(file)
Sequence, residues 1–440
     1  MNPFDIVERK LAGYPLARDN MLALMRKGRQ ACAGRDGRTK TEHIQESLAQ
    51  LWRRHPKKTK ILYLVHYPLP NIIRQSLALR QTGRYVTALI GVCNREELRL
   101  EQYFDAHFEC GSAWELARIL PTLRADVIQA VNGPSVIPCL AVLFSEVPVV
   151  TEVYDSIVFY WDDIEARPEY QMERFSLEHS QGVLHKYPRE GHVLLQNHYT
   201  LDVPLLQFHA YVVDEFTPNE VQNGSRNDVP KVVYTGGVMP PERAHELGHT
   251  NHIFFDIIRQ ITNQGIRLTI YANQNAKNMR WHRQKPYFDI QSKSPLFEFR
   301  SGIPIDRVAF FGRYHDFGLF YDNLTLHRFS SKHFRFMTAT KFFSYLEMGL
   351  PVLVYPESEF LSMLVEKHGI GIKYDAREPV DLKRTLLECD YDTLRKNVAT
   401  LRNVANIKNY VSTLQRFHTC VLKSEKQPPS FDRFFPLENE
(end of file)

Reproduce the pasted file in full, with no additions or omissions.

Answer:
Sequence, residues 1–440
     1  MNPFDIVERK LAGYPLARDN MLALMRKGRQ ACAGRDGRTK TEHIQESLAQ
    51  LWRRHPKKTK ILYLVHYPLP NIIRQSLALR QTGRYVTALI GVCNREELRL
   101  EQYFDAHFEC GSAWELARIL PTLRADVIQA VNGPSVIPCL AVLFSEVPVV
   151  TEVYDSIVFY WDDIEARPEY QMERFSLEHS QGVLHKYPRE GHVLLQNHYT
   201  LDVPLLQFHA YVVDEFTPNE VQNGSRNDVP KVVYTGGVMP PERAHELGHT
   251  NHIFFDIIRQ ITNQGIRLTI YANQNAKNMR WHRQKPYFDI QSKSPLFEFR
   301  SGIPIDRVAF FGRYHDFGLF YDNLTLHRFS SKHFRFMTAT KFFSYLEMGL
   351  PVLVYPESEF LSMLVEKHGI GIKYDAREPV DLKRTLLECD YDTLRKNVAT
   401  LRNVANIKNY VSTLQRFHTC VLKSEKQPPS FDRFFPLENE